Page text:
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Conversations to bring about change

09 February 2020

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Ofsted, the Race Track & Einstein

Not a syllabus, not an exam spec, not a random scheme of work but curriculum-learning that takes your learner on a journey (curriculum meaning a ‘track on which a race is run’). A journey that goes beyond the focus of the exam and looks at the maths and English that learners need for their futures.

Questions, Questions, Questions

What does this actually mean in practical terms? Einstein said that if he had 60 minutes to solve a problem on which his life depended, he would spend the first 55 minutes asking questions. So the following blog is a series of thoughts to encourage you to start asking more searching questions. Questions of your curriculum, schemes of work, lessons and outcomes and impact on learners.

The 3’I’s

The new EIF uses the words intent, implementation, impact, curriculum and sequencing. If the first rule of fight club is ‘you do not talk about fight club’ then we should not talk about Ofsted, but talk about how to do what is right and effective for our learners. We need to play a game of ‘Articulate’ with our staff, so we have a common understanding of what all these words mean?

Let’s see that in action

Our intent is what we want our learners to know and do and, importantly how we intend them to get better at it. The implementation is how we do it. How do we get better at English for example? Write more? Talk more? Spell better? Use a wider range of vocabulary? Check answers? Cope with less familiar contexts? Use more technically demanding styles of writing? Find more meaning in a text? Intent is not a series of impressive sounding platitudes, but something concrete and embedded in knowledge and skills. A curriculum can be SMART. There is of course no one way or ‘right’ curriculum. It needs to work for your students and for your contexts. It needs to have impact. Only then can we judge if the 3 ‘I’s have worked together.

Impact and evidence

We cannot just talk a good game. We need to see it played and some goals scored (impact!). This is why Ofsted have used the phrase let’s see that in action. But what will this look like, where is the evidence? This can be varied from how well students remember stuff, to the way in which learners engage with each other and ask questions. Evidence will be from work books and folders and the ability to complete tasks and so on.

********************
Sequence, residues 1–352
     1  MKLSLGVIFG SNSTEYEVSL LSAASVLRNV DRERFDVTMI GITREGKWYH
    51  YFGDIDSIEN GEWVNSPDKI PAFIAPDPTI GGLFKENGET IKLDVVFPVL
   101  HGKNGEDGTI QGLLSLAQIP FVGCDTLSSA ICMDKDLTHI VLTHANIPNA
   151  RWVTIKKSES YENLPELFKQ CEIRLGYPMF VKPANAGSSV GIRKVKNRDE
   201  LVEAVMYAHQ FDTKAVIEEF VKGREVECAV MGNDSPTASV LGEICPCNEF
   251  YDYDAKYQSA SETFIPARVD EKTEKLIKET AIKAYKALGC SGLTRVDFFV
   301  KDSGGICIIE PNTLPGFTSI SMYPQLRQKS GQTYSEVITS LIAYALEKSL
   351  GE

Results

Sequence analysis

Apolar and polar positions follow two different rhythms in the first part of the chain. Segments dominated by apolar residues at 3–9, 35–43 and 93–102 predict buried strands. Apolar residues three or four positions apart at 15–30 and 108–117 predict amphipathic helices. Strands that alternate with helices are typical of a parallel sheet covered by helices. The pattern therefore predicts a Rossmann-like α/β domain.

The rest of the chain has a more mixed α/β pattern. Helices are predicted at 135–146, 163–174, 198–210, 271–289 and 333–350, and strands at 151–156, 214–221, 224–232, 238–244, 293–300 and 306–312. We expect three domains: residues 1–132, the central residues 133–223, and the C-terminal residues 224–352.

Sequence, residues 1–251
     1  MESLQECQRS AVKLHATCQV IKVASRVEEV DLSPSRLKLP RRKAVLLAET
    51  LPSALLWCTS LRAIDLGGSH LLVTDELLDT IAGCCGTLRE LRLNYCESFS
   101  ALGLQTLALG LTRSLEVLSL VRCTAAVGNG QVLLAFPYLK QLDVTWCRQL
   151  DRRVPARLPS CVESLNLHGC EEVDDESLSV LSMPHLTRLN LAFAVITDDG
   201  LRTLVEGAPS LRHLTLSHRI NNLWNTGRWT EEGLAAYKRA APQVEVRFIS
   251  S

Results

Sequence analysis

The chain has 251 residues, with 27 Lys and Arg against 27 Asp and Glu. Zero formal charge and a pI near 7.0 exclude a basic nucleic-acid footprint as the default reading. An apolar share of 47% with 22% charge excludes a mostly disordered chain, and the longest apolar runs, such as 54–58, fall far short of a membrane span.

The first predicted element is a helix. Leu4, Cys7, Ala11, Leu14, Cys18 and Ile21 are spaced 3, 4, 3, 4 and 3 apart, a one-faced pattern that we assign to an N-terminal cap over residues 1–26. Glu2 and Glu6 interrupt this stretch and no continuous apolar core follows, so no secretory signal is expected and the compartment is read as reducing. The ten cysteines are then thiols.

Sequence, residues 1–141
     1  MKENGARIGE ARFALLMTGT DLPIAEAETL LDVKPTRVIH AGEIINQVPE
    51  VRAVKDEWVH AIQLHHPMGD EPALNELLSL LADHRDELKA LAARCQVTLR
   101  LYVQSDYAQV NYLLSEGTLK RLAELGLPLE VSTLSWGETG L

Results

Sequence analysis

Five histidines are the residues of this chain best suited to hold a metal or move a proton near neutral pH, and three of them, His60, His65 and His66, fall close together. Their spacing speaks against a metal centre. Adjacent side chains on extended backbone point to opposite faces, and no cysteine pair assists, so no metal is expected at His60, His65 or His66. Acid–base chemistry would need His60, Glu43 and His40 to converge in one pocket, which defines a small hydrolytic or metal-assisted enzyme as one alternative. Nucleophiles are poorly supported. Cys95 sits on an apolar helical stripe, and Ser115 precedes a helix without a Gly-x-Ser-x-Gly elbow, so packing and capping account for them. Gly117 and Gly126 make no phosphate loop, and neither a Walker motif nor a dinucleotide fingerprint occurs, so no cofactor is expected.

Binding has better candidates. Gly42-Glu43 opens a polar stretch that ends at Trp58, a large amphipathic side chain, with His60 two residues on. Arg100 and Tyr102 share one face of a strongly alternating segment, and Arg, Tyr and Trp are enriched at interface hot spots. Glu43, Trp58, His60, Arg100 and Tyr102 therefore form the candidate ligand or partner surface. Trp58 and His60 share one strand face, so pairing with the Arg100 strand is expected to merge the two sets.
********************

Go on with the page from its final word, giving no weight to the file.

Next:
Conversations to bring about change

Managers and teachers have to be able to ensures that the curriculum intent can be implemented, or know where is not being implemented and be able to address this.

To do that we have to talk, listen and be confident. Confident in asking some searching questions about curriculum design and approaches to teaching and learning and engaging in discussions about approaches to bring about change.

This is not always that simple. As managers we have to know what questions to ask and what to do with the answers. Then as teachers we need to have at least some of the answers and know what to do with manager (or colleague) feedback.

‘Is there a reason why you have chosen this content?’

‘How does this lead on from last week’s sessions – what will happen next?’

‘Talk to me about how you are shaping your curriculum. How is the learning sequenced?’

‘How do you support those who are not keeping up?’

We need to enable teachers to develop the answers and shape and implement the curriculum for best impact.

And that of course is the next stage, the next water jump, in our own curriculums!


Kevin and Sonia will be running the session on :
Conversations to bring about change – ‘Let’s see that in action’ at the AoC English and maths conference on 26 February.

For more information and to book a place visit: